The purpose of this study was to determine if a relationship exists between the leadership practices of mid-level and first line nurse leaders and their level of emotional intelligence.
A regional healthcare system located in the southeast United States was selected as the research site, with 90 mid-level and first line nursing managers, of which 73 participated (27 first-line and 46 mid-level). The typical respondent was female (96%), over 40 years old (77%). Cronbach alpha reliabilities for Modeling and Encouraging were .60 while Inspiring, Enabling and Challenging were .80 and above.
Enabling was the most frequently engaged in leadership practices followed by Encouraging, Modeling, Inspiring, and Challenging. The correlations between the five leadership practices and emotional intelligence were all positive, and significant for the total group and for the mid-level nurse leaders.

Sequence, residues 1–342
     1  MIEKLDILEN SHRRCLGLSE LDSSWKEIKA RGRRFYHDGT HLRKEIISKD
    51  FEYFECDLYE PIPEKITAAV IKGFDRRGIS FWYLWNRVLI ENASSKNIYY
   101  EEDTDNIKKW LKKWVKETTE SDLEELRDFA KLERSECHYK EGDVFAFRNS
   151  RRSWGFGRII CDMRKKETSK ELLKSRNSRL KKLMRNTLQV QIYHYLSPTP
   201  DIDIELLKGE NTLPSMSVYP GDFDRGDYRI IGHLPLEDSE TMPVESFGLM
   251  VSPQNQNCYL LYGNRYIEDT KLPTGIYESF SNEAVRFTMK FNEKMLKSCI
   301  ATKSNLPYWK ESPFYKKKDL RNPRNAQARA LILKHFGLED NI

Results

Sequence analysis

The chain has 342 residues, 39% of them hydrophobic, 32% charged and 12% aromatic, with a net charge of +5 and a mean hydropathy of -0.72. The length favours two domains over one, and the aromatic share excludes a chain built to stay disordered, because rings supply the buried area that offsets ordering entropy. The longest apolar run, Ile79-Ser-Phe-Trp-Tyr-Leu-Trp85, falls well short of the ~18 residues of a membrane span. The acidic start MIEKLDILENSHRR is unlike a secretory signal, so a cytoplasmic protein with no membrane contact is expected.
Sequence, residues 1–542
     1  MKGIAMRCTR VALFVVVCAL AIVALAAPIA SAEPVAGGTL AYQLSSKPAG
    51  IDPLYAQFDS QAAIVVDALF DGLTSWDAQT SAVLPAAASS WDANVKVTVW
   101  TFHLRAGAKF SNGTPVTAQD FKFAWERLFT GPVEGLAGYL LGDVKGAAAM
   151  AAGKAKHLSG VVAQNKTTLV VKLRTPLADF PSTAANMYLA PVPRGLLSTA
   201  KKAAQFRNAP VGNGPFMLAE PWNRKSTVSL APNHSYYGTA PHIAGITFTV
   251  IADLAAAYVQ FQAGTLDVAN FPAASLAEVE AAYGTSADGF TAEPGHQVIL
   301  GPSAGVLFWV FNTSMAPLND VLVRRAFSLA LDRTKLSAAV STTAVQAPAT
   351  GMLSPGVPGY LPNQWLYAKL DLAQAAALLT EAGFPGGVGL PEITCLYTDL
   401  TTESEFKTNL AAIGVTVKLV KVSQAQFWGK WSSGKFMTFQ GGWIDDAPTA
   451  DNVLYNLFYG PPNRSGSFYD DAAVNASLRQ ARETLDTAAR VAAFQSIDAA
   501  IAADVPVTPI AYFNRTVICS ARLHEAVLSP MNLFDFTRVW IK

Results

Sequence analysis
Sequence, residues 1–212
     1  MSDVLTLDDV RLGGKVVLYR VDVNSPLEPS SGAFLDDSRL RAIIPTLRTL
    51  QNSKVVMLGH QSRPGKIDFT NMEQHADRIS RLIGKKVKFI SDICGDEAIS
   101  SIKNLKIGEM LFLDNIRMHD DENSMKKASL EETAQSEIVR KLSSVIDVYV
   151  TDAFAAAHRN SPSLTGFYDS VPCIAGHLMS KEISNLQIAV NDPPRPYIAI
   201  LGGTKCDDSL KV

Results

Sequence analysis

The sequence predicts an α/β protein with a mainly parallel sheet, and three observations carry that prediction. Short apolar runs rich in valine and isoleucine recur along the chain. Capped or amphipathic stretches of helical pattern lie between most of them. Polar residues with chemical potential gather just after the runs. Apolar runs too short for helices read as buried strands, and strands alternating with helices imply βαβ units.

Significant positive correlations were found between the type of nurse leader and each of the five leadership practices. Mid-level nurse leaders were more likely to utilize the leadership practices than first-level nurse leaders. There were no significant correlations between engagement in the leadership practices and gender, years in nursing, or years as a nursing leader. Generally there were no significant differences in the leadership practices of nurse leaders and age and education, with two exceptions. Encourage was positively correlated with age, while Enable was positively correlated with educational level. For first-level nurses there were no significant relationships between any of the demographic information and leadership practices. For mid-level nurse leaders, there were no significant relationships between age, education or years in nursing. Years as a nurse leader was significantly correlated, inversely, with the leadership practices of Inspiring and Challenging.